The Year of Magical Thinking | Study Guide

Joan Didion

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The Year of Magical Thinking | Chapter 3 | Summary

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Summary

Didion explores "the power of grief to derange the mind." She quotes studies comparing mourning to a state of mental illness. She admits there were periods after Dunne's death when she "was incapable of thinking rationally." She authorized an autopsy but could not permit his organs to be donated. She was bothered by the obituaries because she "had allowed other people to think he was dead." She gave away some of his clothes, but not all—she worried he might need them.

Analysis

Didion worked for years as a journalist. She is trained to do research and she incorporates researched details throughout the book. This provides context to her personal experience. Didion is not the only person who has struggled after the death of a spouse, and she has medical evidence to prove it.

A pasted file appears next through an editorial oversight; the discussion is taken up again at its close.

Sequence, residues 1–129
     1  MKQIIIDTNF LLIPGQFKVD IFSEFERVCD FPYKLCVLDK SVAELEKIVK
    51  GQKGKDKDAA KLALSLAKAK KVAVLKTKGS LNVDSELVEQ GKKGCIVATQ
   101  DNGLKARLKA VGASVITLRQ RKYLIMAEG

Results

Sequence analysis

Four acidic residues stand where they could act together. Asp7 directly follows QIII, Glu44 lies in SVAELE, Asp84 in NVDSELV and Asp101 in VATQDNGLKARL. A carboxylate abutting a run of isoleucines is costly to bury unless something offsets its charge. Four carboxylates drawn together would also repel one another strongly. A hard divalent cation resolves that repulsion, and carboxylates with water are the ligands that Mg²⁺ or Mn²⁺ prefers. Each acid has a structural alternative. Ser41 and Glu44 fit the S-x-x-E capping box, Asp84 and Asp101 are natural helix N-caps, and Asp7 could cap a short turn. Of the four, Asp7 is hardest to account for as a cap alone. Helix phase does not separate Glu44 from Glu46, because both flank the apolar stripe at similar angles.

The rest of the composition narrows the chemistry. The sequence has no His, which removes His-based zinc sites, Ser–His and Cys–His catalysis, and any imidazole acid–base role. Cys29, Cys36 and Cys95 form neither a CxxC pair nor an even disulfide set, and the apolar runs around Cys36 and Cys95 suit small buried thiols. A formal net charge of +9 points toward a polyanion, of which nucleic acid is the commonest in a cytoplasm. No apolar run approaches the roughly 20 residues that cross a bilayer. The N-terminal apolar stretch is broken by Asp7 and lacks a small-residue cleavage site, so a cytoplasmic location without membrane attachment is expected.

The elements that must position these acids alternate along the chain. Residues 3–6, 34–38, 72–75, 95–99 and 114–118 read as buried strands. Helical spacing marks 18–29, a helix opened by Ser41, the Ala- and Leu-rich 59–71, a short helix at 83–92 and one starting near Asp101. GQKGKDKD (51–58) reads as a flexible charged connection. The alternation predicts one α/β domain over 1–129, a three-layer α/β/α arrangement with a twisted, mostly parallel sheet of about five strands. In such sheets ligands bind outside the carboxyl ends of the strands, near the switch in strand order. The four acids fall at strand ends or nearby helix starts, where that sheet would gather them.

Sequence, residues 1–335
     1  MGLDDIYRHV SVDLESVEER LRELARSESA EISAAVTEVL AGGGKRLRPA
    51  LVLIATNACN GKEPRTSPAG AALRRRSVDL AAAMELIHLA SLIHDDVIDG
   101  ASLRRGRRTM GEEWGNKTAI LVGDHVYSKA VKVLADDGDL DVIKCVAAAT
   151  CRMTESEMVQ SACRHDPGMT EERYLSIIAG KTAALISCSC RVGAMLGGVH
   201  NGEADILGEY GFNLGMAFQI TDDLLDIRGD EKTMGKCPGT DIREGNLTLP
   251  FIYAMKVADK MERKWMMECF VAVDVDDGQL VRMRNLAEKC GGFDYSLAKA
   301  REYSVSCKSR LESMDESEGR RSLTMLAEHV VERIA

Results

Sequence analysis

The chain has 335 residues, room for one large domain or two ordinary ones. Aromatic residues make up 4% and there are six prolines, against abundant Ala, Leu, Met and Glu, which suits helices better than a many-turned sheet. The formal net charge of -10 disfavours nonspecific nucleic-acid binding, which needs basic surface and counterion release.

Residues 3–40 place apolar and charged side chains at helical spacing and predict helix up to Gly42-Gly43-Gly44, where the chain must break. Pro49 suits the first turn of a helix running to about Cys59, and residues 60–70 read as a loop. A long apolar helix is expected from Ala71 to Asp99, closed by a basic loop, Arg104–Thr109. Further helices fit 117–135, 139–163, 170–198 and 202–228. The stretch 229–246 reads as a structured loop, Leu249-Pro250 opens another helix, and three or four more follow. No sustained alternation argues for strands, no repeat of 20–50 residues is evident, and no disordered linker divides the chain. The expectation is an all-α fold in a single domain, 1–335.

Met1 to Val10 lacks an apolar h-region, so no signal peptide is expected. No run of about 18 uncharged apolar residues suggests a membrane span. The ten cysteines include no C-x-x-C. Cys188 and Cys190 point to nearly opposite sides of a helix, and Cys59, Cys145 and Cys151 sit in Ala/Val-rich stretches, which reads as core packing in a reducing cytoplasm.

Didion says even her apparently rational decisions had an irrational underpinning. She was eager to authorize an autopsy, which many loved ones dread, because if "what had gone wrong was something simple ... they might still be able to fix it." She made a rational decision for an irrational reason.

Didion's grieving is an ongoing process. In Chapter 1 she gives the date of writing as October 4, 2004. In this chapter, after describing the struggle to give up Dunne's clothes and shoes, she says she has not tried again to get rid of his shoes "to determine ... if the thought has lost its power."

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